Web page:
Dame Edna Everage

As Edna patrols the front of the stage in her custom-made size-11 shoes, she winkles out the particulars of people in the front rows, who become, over the course of the evening, the cast of characters against whom she flings all her thinly disguised aggression. Take, for instance, Ginger, from North Carolina. "Is that outfit of yours reversible?" Dame Edna asks her. "Try it inside out, Ginger. You have nothing to lose."

-- from a review of the show "Back with a Vengeance!" in the Dec. 6, 2004 issue of the New Yorker

Auto repair

Co-worker 1: ...You can't fix your own car anymore. On my son's new car, just to replace the oil pan you have to remove the entire engine.

Co-worker 2: Lift with the legs.

Wrong wrong wrong

Judging from the calls I'm getting, the person who lived in this apartment before me apparently operated a business from home that involved selling soap and shampoo made out of fruit and vegetables. I've had worse.

In the 1990s at another apartment some callers mistook my phone number for that of a massage parlor if they transposed two digits while dialing. Late one night my phone rang and I let the machine answer. The guy asked that a young blond woman be delivered to his room at the Ritz-Carlton. He must've had to wait a long time; I was fresh out.

I still feel bad about the night back in college when I answered the phone and a girl told me all about her day, all the little details, and after she said that she had been thinking about me, I had to say that I didn't know her and she must've misdialed. That was one time I was a good listener though.

As a kid, I jotted down the number of the phone booth at the gas station nearest to home. Occasionally I would dial that number just to see what would happen. The first time somebody answered, I asked to speak to Clark Kent. The guy didn't get it; with a tone of great concern he said, "This is a phone booth, you know," and I thanked him and hung up.

We're just glad everyone is safe

I spend the last two weeks orchestrating every aspect of my move to this apartment and after living here a few days I realize a couple things. (1) The doors in this apartment are not hanging straight; they all seem to hang a little to the left. Story of my life. (2) Half my underwear is missing. I've checked everywhere, including the kitchen cupboards. I can't believe it's gone. I swear I packed it all; that was a priority. On the other hand my collection of never-used twist-ties made it all the way here. Wait.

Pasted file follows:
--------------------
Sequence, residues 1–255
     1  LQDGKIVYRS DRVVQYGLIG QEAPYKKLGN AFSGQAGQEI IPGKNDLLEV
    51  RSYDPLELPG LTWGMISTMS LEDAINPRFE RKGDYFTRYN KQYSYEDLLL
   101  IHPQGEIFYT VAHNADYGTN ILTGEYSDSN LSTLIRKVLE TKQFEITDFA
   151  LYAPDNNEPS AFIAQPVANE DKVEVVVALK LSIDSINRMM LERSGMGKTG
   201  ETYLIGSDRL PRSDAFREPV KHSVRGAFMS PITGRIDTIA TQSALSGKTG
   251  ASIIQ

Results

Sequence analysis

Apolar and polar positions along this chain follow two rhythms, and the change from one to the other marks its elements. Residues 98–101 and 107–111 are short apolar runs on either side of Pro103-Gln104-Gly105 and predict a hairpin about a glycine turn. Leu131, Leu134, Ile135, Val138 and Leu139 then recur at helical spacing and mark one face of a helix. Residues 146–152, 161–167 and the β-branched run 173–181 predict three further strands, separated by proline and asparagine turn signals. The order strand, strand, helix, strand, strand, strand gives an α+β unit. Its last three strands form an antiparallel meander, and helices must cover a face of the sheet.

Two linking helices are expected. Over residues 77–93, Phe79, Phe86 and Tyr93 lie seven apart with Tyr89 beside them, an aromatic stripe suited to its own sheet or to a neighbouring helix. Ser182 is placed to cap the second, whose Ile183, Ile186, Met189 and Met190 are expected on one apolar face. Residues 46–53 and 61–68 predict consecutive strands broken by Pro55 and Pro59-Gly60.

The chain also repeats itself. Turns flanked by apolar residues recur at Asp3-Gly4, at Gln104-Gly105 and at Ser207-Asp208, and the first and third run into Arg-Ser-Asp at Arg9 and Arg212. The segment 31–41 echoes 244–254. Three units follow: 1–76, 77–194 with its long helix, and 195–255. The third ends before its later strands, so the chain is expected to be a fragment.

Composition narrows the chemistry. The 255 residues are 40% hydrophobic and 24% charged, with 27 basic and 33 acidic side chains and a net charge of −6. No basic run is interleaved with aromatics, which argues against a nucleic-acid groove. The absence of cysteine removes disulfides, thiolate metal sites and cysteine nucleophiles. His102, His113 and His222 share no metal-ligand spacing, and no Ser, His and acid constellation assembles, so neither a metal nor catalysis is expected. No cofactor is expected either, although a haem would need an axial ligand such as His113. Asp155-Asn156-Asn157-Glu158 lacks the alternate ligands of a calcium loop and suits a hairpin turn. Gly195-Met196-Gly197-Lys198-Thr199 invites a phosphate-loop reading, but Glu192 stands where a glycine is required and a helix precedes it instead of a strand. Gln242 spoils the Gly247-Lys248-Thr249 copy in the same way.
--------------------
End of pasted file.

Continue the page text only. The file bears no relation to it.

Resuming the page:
(Five minutes later.)

I found my underwear; it was in the dryer. This place has a washer/dryer in the unit and I forgot I left a load in the dryer. So it's true: Writing about your problems can bring you closer to a solution.

For audiophiles only

Years ago this book was published: Late Night Thoughts on Listening to Mahler's Ninth Symphony, by Lewis Thomas. What a great title. I can see myself, listening to Mahler's Ninth Symphony late one night, puffing on a pipe thoughtfully. Isabel is curled on the divan, snuggled in a duvet, dallying with a Dove bar, watching me blow smoke rings. Ha ha! The simple pleasures are the best, don't you think?

I don't have a pipe or a copy of Mahler's Ninth or an Isabel, but again, what a great title. You should buy that book just to have around for display; it makes you look so intelligent. My book, Late Night Musings on Hearing Terry Jacks Sing Seasons in the Sun, will not be quite as profound.

We had joy we had fun
We had seasons in the sun
But the stars we could reach
Were just starfish on the beach